This function adds a 32-bit integer to a 64-bit integer in a way that is in some sense safe for multi-processing.


ExInterlockedAddLargeStatistic (
    ULONG Increment);


The Addend argument addresses the 64-bit integer, i.e., the large statistic, that is to be added to.

The Increment argument is the amount to add.


The ExInterlockedAddLargeStatistic function is exported by name from x86 builds of the kernel in version 3.50 and higher. Though the function continues to be exported, it was in effect retired by the Device Driver Kit (DDK) for Windows Server 2003. While defining the function for other architectures by way of macros, this DDK redefined the x86 export in terms of the compiler intrinsic _InterlockedAddLargeStatistic.

That said, the compiler intrinsic is used liberally in the Windows kernel, even as recently as version 10.0, and plausibly still orginates in the source code as macro interpretation of the ExInterlockedAddLargeStatistic function.

Documentation Status

The ExInterlockedAddLargeStatistic function has long been documented but was not documented immediately. The first documentation known to this study is from the DDK for Windows 2000. The function has, however, always had a C-language declaration or macro definition in NTDDK.H and/or WDM.H, at least as far back as the DDK for Windows NT 3.51.


The coding, in assembly language, has not changed since version 3.50. The Increment is added to the low 32 bits at Addend. If this overflows, the carry is added to the high 32 bits. Both additions have the lock prefix.

Note that the safety for multi-processing is partial. The 64-bit statistic is updated in halves not as a whole. Overlapping calls to the function from different processors can interfere with each other when either (or both) causes an overflow of the lower half. How the function is safe for multi-processing is that it does not lose anything of what’s to be added. All increments are certain to accumulate correctly in the large statistic eventually. If, however, the statistic is read while additions might be attempted, then a concurrent addition need not yet be complete. This is true even if using the cmpxchg8b instruction to be sure that all 64 bits of what’s read truly were in memory at one time. What’s read of any statistic that is updated by this function is not reliable, except if it is known separately that updating is paused. Successive reads can even show the statistic as having gone backwards.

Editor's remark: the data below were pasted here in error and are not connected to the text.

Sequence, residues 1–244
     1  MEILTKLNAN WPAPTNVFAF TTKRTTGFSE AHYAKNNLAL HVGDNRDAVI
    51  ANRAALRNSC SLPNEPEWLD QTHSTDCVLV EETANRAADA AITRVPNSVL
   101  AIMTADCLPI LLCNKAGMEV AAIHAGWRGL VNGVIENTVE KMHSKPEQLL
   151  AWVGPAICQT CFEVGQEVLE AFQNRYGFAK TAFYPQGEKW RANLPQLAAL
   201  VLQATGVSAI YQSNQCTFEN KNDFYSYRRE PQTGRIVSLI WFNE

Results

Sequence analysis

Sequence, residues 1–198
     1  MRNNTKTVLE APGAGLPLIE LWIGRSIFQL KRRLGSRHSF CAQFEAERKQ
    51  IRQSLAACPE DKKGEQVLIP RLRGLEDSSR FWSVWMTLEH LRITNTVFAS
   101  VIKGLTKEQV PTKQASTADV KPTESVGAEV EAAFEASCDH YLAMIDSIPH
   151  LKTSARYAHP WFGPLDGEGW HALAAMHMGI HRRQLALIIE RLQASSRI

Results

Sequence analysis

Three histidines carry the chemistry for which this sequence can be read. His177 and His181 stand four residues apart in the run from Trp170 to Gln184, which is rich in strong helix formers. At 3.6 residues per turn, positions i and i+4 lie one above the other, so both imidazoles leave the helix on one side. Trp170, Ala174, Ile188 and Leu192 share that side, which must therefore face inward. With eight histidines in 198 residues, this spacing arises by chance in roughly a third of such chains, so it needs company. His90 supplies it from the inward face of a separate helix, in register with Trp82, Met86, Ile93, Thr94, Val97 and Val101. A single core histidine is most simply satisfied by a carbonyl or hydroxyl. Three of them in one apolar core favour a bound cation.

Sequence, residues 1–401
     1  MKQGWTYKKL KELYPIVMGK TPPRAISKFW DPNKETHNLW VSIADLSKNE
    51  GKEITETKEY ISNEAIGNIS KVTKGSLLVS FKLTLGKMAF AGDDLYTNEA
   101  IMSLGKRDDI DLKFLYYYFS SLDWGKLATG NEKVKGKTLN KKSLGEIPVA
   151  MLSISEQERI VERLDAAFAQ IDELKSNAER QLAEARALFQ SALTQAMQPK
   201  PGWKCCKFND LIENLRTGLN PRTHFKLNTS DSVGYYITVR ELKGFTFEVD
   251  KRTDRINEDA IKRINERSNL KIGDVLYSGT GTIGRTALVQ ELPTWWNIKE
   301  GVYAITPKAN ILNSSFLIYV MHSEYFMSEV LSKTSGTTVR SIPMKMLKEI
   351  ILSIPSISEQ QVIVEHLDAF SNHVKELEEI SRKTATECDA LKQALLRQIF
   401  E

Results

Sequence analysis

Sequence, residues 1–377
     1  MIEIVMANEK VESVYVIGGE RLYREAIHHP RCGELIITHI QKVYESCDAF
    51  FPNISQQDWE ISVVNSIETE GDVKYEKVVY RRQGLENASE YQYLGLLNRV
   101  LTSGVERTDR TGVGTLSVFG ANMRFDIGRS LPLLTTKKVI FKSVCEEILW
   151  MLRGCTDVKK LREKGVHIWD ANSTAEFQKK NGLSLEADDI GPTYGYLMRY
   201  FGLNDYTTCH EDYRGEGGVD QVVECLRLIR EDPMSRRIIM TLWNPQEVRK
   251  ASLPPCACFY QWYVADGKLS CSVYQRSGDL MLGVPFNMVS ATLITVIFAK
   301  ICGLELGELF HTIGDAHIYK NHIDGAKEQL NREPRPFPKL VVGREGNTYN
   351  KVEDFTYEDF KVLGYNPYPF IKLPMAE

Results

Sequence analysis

The point to the function is presumably in its name. The statistic in the name will be a counter of some sort. The aim is to add to the counter in the fewest instructions possible without risk that concurrent additions get lost. That an addition might not yet be fully accumulated in the statistic when next read is less important than knowing it will be eventually. This will have been an easy compromise before processors were sure to have the cmpxchg8b instruction, for the reading and writing back of a 64-bit integer without interruption could not be done without external synchronisation, the acquisition and release of which would typically disturb execution far more than is tolerable for maintaining a counter.

That the function, albeit converted to a compiler intrinsic, continues not just to be defined but used, e.g., in the Windows 10 kernel, suggests that the compromise is still worthwhile even now that unavailability of cmpxchg8b is a consideration only for software that may find itself running on an older version than Windows XP. Though the two writes in

        lock    add dword ptr [ecx],edx
        jnc     done
        lock    adc dword ptr [ecx+4],0

(which is what’s coded) allow that the statistic is momentarily incomplete, the code is very much more efficient than

        push    esi
        push    edi
        mov     esi,ecx
        mov     edi,edx
        mov     eax,[esi]
        mov     edx,[esi+4]
        mov     ecx,eax
        mov     ebx,edx
        add     ecx,edi
        adc     ebx,0
        lock    cmpxchg8b qword ptr [esi]
        jne     retry
        pop     edi
        pop     esi

Even though this unwieldy code ensures that the statistic is only ever written as a whole, the advantage hardly matters unless the consumer of the statistic is willing to do something similar to be sure of reading the statistic without interruption. For these reasons, if not just for backwards compatibility, ExInterlockedAddLargeStatistic likely isn’t ever going away.